The Jazz, winners of three straight and in position to pick up a game on division-leading San Antonio, got off to one of their best starts of the season Tuesday night in the Target Center, leading 15-2 against the Timberwolves, who'd never beaten them.

Red alert."I hate to start off that way," said Jazz coach Jerry Sloan. "It never fails."

"We got a good lead and didn't sustain the effort," said John Stockton.

"What happens to us on the road," said Blue Edwards, who had a career-high 25 points and was perfect at shooting until his last attempt of the game, "is I don't think we have the killer instinct.

"We don't go into the gym thinking we're going to win. Our mentality," said Edwards, "is we're going to keep it close at the end, and Karl (Malone) or Stock is going to put it up for us. A lot of times, it doesn't happen that way."

This time it happened that the Jazz came back from 11 down to lead by three with a minute left, and then a veteran team failed to make the right things happen on numerous occasions.

Minnesota scored twice more and held on for a 94-93 win in its first nationally televised game of the season.

After Darrell Griffith's jumper from the free-throw line put Utah up 93-90, and Tony Campbell's 17-foot baseliner cut it to 93-92, Griffith shot an air ball, but the ball went out of bounds to the Jazz.

As the Jazz took timeout, Griffith complained to the officials that Tyrone Corbin had hit him on the arm during the shot and that he should have free throws, but the Jazz got the ball out of bounds - with :01 on the shot clock.

The ball was inbounded to Griffith, who turned away from the possibility of an instant shot and was called for a turnover on the :24 violation.

"To be quite frank, I thought there was more time," said Griffith, admitting preoccupation with the uncalled foul. "I didn't notice the clock," he said. "It's my job to know."

"I was yelling we had one second," said Sloan. "Maybe I didn't yell loud enough. But that's what the 24-second clock is up there for - to be seen."

Minnesota used the turnover as a down payment on its first-ever winning basket against Utah. Corbin missed a layup, but Tod Murphy's offensive rebound kept the T-Wolves alive until suddenly searing Sam Mitchell could hit a 17-footer with time running out on Minnesota's own shot clock for a 94-93 lead. Mitchell had a career-high 37 points against Philadelphia Sunday and followed with a team-high 22 Tuesday, shooting 9-for-17.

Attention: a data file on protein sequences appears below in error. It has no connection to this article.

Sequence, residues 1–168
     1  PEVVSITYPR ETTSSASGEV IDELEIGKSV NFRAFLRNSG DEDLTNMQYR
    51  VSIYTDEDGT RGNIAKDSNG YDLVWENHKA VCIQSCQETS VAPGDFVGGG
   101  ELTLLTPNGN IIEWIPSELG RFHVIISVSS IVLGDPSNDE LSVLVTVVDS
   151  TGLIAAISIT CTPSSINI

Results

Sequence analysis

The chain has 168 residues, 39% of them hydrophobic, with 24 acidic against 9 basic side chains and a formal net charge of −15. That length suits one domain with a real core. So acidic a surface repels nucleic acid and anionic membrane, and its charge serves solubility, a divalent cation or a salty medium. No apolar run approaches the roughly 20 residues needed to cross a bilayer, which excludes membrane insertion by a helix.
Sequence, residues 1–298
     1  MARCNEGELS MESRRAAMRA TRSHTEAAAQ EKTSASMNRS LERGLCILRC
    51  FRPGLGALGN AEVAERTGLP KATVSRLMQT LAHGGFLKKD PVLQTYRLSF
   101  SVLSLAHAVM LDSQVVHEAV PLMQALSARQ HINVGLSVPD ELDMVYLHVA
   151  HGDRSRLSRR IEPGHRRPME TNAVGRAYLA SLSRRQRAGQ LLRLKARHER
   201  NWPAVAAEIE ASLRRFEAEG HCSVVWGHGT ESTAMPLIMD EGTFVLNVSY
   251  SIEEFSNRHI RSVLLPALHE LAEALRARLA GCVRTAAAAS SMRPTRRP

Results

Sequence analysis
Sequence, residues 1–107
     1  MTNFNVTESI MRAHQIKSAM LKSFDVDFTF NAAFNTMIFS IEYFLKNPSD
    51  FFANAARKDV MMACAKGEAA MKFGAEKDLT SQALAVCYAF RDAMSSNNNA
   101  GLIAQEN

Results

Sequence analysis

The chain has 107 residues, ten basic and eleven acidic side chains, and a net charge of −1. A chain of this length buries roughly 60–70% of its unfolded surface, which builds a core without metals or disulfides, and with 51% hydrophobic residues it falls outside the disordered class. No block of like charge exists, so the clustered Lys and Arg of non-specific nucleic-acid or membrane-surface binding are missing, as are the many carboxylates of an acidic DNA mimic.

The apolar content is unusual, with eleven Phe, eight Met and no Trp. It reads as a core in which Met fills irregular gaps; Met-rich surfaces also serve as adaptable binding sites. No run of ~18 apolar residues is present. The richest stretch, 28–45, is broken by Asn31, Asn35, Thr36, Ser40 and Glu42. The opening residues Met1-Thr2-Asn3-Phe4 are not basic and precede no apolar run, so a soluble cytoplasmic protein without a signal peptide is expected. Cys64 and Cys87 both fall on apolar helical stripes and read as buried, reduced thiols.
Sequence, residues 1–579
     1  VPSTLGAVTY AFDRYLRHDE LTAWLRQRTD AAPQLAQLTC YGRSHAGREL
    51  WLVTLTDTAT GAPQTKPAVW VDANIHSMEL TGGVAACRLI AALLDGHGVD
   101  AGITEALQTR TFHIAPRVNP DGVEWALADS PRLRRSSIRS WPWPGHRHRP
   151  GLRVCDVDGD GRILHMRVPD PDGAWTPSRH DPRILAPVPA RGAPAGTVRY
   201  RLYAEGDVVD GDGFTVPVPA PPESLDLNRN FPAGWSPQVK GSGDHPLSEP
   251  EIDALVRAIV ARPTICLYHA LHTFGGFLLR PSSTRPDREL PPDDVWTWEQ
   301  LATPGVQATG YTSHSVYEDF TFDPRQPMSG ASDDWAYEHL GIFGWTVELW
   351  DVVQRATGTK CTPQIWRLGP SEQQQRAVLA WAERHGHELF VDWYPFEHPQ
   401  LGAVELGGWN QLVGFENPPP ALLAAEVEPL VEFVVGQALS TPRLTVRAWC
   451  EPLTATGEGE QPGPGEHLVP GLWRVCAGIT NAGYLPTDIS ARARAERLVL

Still Utah had chances with 11.4 seconds left, but Stockton's drive went out of bounds off Corbin, and the Jazz had to inbound with 2.5 seconds left. Stockton took a Malone pass and shoveled to Thurl Bailey, whose hasty corner jumper faded off the front of the rim as time ran out.

"No option there," said Stockton of his passing choices. "It's not an ideal shot, but it's a shot Thurl can hit. I like my chance with Thurl shooting the last shot."

"We had a good shot to win. It looked like it would go," said Sloan, who'd planned for Stockton to get the final attempt. "It's just one of those shots - maybe it goes, maybe it doesn't. You can second-guess yourself all day on that one. John made a good play to find Thurl open."

Sloan chose to look at the overall picture, not the last minute's mistakes, and his displeasure was with the offensive rebounds Minnesota got - like the one that led to the winning basket. Murphy led all rebounders with 15, four offensively. "They got too many second shots; we kept giving them opportunities," said Sloan, who'd brought out that point at halftime.

"When we got down by 11, I said we had a chance to win if we would execute and block out on the boards."

To Minnesota coach Bill Musselman, it was the effort against Malone and Stockton that turned things around. "We put our two best defensive players on them (Mitchell vs. Stockton and Murphy vs. Malone) to stop the pick-and-roll, which was in our scouting report," he said. "The key was when we started double-teaming Malone."

"They did a nice job not letting us screen and roll," said Edwards, who benefited by getting more shooting opportunities. He was 10-for-10 from the field until his one miss. "We went over their defensive scheme," said Edwards. "When they double-teamed Karl with my man, I was going to be open."

Malone had 17 the first half, with eight points in 3 1/2 minutes near the end of the half. The second half, he had one basket until a three-bucket flurry starting with 6:19 left in the game. Edwards added his last basket and first miss, then fouled out as a Malone score gave Utah a 91-89 lead.

After watching Utah's seven-game win streak against the Timberwolves end, Edwards was of the opinion that it could actually help tonight in the Salt Palace as the Jazz play Pacific Division contender Phoenix in one of those back-to-back NBA scheduling specials. "A loss like this makes you play harder. Usually at home we have the attitude we can beat just about anybody," Edwards said.

JAZZ NOTES - Sloan says Jeff Malone is likely to miss his sixth straight game tonight with a groin pull. He didn't make the Minnesota trip . . . Mark Eaton's only blocked shot of the night was the 2,700th of his career . . . Minnesota outblocked the Jazz 11-4.